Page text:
“Rutgers taught us to be engineers, problem-solvers and critical thinkers.” – Lynn Faughey
Twin sisters Rose Cook ENG‘88 (pictured left) and Lynn Faughey ENG’88 (pictured right), president and vice president of The FlexPro Group, the specialty consulting firm they co-founded in 2008. The Plymouth Meeting, Pennsylvania-based firm delivers project management expertise to the pharmaceutical industry, while offering its consultants the opportunity to achieve a flexible, harmonious work-life balance.
Why did you choose Rutgers School of Engineering?
Rose: I’m looking back to when we were 18! Our father was an engineer. We chose Rutgers because we were both good at science and math.
Lynn: We lived in New Jersey, so Rutgers’ value and affordability were part of our decision. We both got half scholarships to Lehigh – but even with those scholarships, the School of Engineering was a better value.
Was it important for you to go to school together?
Lynn: Yes, it was. Growing up, we’d always had the same friends and shared everything –even birthday cakes! But even though we promised ourselves we wouldn’t room together, we ended up on the same dorm building as freshmen.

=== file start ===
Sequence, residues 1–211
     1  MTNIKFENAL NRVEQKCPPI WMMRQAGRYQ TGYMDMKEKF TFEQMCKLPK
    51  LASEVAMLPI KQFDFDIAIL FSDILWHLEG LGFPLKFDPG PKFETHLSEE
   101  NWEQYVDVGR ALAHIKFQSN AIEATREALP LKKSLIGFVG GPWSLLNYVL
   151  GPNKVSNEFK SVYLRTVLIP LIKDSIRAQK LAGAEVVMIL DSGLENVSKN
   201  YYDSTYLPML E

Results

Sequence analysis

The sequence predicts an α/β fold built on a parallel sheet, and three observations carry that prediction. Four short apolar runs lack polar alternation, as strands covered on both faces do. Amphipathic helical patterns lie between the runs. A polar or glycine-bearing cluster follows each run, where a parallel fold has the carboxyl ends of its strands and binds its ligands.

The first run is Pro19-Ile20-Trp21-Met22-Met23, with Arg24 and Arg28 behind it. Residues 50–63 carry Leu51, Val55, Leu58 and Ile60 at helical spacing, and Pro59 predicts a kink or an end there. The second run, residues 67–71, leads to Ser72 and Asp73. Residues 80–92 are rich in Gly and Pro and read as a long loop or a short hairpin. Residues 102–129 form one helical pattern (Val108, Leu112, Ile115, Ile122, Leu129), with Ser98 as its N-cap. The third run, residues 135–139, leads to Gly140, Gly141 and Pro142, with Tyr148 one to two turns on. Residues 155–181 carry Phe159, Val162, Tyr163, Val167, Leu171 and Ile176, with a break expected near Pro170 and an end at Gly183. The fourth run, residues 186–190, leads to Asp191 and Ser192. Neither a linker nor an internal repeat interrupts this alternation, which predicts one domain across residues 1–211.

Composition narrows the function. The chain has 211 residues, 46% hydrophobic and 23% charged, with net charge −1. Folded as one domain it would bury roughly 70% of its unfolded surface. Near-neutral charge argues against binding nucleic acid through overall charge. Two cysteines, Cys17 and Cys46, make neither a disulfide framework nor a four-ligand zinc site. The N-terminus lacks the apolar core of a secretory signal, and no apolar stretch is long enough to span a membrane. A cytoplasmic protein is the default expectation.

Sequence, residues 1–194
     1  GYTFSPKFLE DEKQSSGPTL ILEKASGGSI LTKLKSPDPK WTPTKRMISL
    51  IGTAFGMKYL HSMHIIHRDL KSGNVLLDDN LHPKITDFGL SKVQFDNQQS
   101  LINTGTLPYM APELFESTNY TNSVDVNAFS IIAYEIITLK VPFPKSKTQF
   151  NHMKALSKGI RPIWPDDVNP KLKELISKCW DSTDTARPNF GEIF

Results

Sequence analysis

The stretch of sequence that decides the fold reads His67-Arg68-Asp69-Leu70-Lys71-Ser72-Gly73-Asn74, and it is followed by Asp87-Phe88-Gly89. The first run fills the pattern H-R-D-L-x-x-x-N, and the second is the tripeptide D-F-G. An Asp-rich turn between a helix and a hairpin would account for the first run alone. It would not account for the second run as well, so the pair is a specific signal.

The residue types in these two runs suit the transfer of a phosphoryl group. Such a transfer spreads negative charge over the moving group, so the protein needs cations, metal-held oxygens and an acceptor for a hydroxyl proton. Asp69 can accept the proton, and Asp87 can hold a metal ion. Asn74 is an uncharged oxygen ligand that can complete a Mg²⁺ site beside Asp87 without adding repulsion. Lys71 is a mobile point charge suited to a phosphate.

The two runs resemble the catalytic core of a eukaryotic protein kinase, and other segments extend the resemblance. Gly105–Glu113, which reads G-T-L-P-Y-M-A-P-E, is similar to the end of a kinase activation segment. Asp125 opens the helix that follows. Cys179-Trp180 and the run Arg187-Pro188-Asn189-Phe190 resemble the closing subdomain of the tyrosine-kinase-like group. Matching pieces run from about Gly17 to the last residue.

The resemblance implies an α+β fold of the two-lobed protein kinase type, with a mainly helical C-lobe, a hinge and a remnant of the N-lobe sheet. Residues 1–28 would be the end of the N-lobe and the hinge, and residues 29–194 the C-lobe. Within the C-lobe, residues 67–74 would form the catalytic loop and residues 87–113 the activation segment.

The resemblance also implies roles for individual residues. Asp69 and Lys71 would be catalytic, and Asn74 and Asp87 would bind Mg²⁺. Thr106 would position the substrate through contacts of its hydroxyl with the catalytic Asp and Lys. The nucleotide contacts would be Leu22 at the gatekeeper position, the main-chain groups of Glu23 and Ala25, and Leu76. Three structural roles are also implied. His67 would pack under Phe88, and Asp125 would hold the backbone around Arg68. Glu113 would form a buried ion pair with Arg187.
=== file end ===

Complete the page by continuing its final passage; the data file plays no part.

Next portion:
Rose: Moving forward into our sophomore, junior, and senior years, we lived in an on-campus apartment and so did actually room together.
What did you do after graduation?
Rose: I majored in Mechanical Engineering and held a number of technical engineering and senior-level management jobs in large Fortune 500 companies like Johnson & Johnson, Colgate-Palmolive, and Nabisco. I also did some consulting.
Lynn: Our paths were similar. I majored in Package Engineering and also worked in technical and managerial capacities for Fortune 500 companies, including Johnson & Johnson and Colgate-Palmolive.
Why did you found The FlexPro Group?
Rose: After my first child was born, I went back to work part-time, working 2 or 3 days a week. After my second child was born, things were more difficult, so I quit working altogether to focus on my family.